AC Immune Moves Closer to Clinical Studies of Anti-TDP-43 Antibody

AC Immune Moves Closer to Clinical Studies of Anti-TDP-43 Antibody
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AC Immune is planning to advance its investigational anti-TDP-43 antibody into clinical testing for neurodegenerative diseases in which TPD-43 protein aggregates play a major role in brain damage, including diseases such as Alzheimer’s, amyotrophic lateral sclerosis, and frontotemporal lobar degeneration with TDP-43 pathology.

The company began preclinical studies that, if successful, would pave the way for an investigational new drug (IND) application to the U.S. Food and Drug Administration seeking permission to begin the first in-human studies.

“This milestone reinforces AC Immune’s position as a leader in developing novel therapies against neurodegenerative diseases, with our anti-TDP-43 antibody on track to become the first in the world to reach clinical development,” said Andrea Pfeifer, PhD, CEO of AC Immune, in a press release.

TDP-43 has emerged as a potential therapeutic target for certain neurodegenerative diseases. This protein is normally found within the cell nucleus where it stabilizes RNA — DNA ‘blueprints’ that serve as intermediaries in the production of proteins.

However, evidence has shown that specific mutations can cause TDP-43 to become abnormally shaped and accumulate in the cytoplasm, instead of the nucleus, leading to its accumulation and clumping within nerve cells.

In fact, approximately 50% of Alzheimer’s patients show signs of TDP-43 aggregation, which is thought to contribute to symptom severity.

Researchers at AC Immune have used the company’s proprietary SupraAntigen platform to generate antibodies that can specifically target TDP-43 and block its ability to form aggregates.

Recently, the company shared data at the virtual Advances in Alzheimer’s and Parkinson’s Therapies Focus Meeting, showing that its antibody mitigated brain damage in a mouse model of TDP-43-associated neurodegeneration.

The antibody is the first to show efficacy in living organisms, the company stated, and may become the first anti-TDP-43 antibody in the world reaching clinical development.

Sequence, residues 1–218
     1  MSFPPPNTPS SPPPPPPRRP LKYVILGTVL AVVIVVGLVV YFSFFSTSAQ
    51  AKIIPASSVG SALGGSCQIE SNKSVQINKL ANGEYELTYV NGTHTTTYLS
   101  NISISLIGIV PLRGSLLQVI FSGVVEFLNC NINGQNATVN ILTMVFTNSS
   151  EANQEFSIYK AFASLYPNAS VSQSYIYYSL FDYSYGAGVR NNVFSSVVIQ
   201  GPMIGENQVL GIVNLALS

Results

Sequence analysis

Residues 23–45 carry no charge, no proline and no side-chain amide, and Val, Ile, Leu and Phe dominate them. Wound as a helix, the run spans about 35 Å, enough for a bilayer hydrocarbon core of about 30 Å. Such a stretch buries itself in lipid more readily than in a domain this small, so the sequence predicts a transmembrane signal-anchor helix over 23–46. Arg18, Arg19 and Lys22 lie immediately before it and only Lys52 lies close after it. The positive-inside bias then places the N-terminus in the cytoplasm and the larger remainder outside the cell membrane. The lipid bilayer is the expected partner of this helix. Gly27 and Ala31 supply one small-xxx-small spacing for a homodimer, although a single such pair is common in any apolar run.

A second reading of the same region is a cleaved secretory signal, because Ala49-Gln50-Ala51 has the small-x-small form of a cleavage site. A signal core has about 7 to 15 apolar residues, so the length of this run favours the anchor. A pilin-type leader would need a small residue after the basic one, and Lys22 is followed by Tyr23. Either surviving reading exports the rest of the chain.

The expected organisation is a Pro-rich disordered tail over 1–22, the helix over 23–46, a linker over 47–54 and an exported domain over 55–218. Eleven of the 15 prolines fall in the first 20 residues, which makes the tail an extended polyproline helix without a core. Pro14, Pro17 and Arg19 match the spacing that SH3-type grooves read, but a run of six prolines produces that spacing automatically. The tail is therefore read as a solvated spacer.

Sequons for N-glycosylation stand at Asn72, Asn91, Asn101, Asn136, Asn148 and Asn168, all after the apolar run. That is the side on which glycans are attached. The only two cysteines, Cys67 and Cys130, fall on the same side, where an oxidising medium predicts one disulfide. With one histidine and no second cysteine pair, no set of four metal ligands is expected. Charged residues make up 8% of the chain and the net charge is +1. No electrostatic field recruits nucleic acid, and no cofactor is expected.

By launching the latest round of preclinical experiments, AC Immune hopes to further the development of this antibody to treat Alzheimer’s and other neurological orphan (rare) diseases.

“Aggregation of pathological forms of TDP-43 is an increasingly validated therapeutic target and a well-established hallmark of neurodegeneration,” said Pfeifer. “Initiation of IND-enabling studies for our first-in-class lead anti-TDP-43 antibody is a major step toward addressing pressing unmet need in NeuroOrphan indications.”

AC Immune has used its SupraAntigen platform to generate antibodies against two other proteins that contribute to neurodegenerative disease, including the semorinemab antibody against the tau protein and the crenezumab antibody against amyloid beta (Abeta).

Both antibodies are currently in Phase 2 clinical trials, including studies of semorinemab in patients with prodromal (very early form) to mild Alzheimer’s (NCT03289143) and in patients with moderate Alzheimer’s (NCT03828747, currently recruiting), and a study of crenezumab in patients with moderate Alzheimer’s (NCT01998841).

“The Company’s success is driven in part by our proprietary SupraAntigen platform, which has already produced therapeutic monoclonal antibody candidates targeting Abeta and Tau that were successfully out-licensed to leading pharmaceutical companies and are currently advancing in multiple Phase 2 clinical studies,” said Pfeifer.

As neurodegenerative disorders such as Alzheimer’s have a complex pathology, a combinatorial approach with multiple molecular targets may prove beneficial for patients, according to the company.

As such, AC Immune used its proprietary Morphomer platform to develop a tracer for TDP-43 toxic protein clumps, which could enable physicians to locate and measure the amount of these protein aggregates in nerve cells during imaging exams, and to measure responses to treatment.

“Advancement of the anti-TDP-43 antibody further validates the continuing productivity of this [SupraAntigen] platform, which, together with our Morphomer platform for small molecule development, are responsible for discovery and development of our maturing pipeline of first-in-class or best-in-class therapeutic and diagnostic candidates,” Pfeifer said.

David earned a PhD in Biological Sciences from Columbia University in New York, NY, where he studied how Drosophila ovarian adult stem cells respond to cell signaling pathway manipulations. This work helped to redefine the organizational principles underlying adult stem cell growth models. He is currently a Science Writer, as part of the BioNews Services writing team.
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Ana holds a PhD in Immunology from the University of Lisbon and worked as a postdoctoral researcher at Instituto de Medicina Molecular (iMM) in Lisbon, Portugal. She graduated with a BSc in Genetics from the University of Newcastle and received a Masters in Biomolecular Archaeology from the University of Manchester, England. After leaving the lab to pursue a career in Science Communication, she served as the Director of Science Communication at iMM.
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David earned a PhD in Biological Sciences from Columbia University in New York, NY, where he studied how Drosophila ovarian adult stem cells respond to cell signaling pathway manipulations. This work helped to redefine the organizational principles underlying adult stem cell growth models. He is currently a Science Writer, as part of the BioNews Services writing team.
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